Single-group prospective follow-up study.
To assess the functional outcome of internal fixation of the pelvic ring in patients with severe pregnancy-related low back and pelvic pain (PLBP) in whom all other treatments failed.
More than half of all pregnant women experience PLBP. In most cases, the pain disappears after childbirth. In some, however, the pain becomes chronic and patients may be wheelchair-bound or bedridden. After failure of all conservative treatment, surgical fixation of the pelvic ring seems to be the only remaining option for those severe cases.
The postsurgical functional outcome of 58 severe PLBP patients was evaluated with the Majeed score and endurance of walking, sitting, and standing. Inclusion criteria were serious disability and failure of all conservative treatment. The surgical technique consisted of a symphysiodesis and bilateral percutaneous placement of two sacroiliac screws under fluoroscopic guidance.
With a follow-up of an average of 2.1 years, the difference between preoperative and postoperative Majeed score indicated that an improvement of more than 10 points was achieved in 69.8% and 89.3% of the patients at 12 and 24 months, respectively. The most important complications were irritation of nerve roots (8.6%), nonunion of the symphysis (15.5%), failure of the symphyseal plate (3.4%), and pulmonary embolism (1.7%).
In this preliminary study, surgical fixation of the pelvic ring yielded satisfactory results in severe PLBP patients in terms of pain relief and improvement in ADL functions. These results should be confirmed in a randomized clinical trial.
After failure of all conservative treatment, surgical fixation of the pelvic ring by symphysiodesis and bilateral sacroiliac screws was performed in 58 patients severely disabled by pregnancy-related low back and pelvic pain (PLBP). Preliminary results showed an improvement of complaints in about 70% of severe PLBP patients 12 months postoperatively.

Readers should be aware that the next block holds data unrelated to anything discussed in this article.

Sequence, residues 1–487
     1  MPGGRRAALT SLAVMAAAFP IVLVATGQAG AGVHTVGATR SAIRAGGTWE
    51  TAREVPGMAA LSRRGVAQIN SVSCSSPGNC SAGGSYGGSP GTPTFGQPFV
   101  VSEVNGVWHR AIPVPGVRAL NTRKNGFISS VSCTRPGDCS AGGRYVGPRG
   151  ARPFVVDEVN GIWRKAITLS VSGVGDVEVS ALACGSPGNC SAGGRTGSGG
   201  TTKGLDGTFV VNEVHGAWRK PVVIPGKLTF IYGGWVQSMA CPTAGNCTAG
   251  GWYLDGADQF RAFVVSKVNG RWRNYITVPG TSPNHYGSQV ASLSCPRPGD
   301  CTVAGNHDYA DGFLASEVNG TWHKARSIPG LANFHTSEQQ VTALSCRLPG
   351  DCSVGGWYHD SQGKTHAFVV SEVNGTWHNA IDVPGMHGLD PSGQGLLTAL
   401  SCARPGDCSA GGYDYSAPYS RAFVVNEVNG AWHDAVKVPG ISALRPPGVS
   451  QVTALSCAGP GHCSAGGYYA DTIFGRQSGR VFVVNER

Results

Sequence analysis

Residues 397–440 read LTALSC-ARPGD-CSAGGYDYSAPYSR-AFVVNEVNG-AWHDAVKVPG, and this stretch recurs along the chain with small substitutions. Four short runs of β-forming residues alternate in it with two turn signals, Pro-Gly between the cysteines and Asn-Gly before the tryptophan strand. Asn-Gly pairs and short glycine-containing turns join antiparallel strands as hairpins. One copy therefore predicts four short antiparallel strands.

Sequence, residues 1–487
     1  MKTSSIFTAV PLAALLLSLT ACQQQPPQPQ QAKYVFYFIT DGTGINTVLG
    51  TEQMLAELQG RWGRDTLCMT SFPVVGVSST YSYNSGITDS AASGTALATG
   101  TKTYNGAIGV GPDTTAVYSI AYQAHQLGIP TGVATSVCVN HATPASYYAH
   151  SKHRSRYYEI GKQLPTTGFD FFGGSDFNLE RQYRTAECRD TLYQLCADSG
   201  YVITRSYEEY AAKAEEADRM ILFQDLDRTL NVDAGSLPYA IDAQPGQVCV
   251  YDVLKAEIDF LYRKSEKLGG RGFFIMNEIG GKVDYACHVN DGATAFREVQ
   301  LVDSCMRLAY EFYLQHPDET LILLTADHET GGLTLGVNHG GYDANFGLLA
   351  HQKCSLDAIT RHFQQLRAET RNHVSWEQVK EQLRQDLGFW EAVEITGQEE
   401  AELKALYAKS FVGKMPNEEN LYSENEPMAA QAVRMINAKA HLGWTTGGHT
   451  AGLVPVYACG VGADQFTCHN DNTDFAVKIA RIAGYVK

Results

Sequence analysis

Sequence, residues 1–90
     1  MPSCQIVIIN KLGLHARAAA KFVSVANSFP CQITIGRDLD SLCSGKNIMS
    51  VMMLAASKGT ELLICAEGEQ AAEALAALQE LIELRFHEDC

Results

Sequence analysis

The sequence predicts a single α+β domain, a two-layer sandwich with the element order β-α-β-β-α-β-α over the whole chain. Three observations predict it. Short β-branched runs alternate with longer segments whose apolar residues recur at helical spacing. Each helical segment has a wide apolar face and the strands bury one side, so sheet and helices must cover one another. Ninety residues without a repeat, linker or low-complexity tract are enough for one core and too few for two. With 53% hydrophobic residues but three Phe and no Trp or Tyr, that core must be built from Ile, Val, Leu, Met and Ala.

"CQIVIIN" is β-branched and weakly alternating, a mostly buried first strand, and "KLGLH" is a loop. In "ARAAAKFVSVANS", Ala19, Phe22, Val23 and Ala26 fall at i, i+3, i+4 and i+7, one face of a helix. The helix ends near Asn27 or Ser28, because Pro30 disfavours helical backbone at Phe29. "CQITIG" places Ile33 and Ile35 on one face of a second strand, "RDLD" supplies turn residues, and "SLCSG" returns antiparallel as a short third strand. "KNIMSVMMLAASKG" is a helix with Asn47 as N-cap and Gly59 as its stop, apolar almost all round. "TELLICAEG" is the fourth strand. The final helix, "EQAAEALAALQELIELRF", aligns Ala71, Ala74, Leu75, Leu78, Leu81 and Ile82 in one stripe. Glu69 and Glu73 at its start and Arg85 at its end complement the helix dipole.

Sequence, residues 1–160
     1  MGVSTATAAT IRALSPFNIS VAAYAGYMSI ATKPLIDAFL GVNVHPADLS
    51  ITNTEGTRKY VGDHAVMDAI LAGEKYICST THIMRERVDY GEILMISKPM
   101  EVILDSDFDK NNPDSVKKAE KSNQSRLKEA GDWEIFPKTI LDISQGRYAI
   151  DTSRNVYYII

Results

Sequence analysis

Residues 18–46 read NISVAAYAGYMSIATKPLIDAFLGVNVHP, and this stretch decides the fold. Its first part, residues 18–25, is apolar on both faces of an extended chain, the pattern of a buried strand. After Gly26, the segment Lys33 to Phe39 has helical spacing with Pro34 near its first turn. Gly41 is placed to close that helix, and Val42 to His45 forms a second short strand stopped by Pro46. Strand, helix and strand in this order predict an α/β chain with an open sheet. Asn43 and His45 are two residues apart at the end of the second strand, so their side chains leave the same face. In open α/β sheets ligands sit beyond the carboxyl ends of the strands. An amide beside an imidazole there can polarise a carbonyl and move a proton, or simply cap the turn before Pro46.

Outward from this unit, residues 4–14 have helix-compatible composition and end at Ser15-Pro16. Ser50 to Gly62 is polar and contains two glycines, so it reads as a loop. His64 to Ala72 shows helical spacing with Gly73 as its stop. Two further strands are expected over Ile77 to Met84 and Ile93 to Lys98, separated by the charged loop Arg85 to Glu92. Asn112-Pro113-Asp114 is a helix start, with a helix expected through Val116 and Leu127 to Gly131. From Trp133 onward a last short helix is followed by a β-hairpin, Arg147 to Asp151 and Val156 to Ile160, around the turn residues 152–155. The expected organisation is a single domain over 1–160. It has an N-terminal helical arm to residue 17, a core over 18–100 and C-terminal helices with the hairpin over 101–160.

From *University Hospital Rotterdam, Department of Traumatology and
†Erasmus University, Rotterdam, Biomedical Physics and Technology.
Acknowledgment date: July 22, 2002.
First revision date: November 27, 2002.
Second revision date: March 31, 2003.
Acceptance date: April 7, 2003.
No funds were received in support of this work. No benefits in any form have been or will be received from a commercial party related directly or indirectly to the subject of this manuscript.
The device(s)/drug(s) is/are FDA-approved or approved by corresponding national agency for this indication.
Address correspondence and reprint requests to Dr. A.B. van Vugt, University Hospital Rotterdam, Department of Traumatology, P.O. Box 2040, 3000 CA Rotterdam, The Netherlands. Tel: 0031104639222 Fax: 0031104634757 E-mail: email@example.com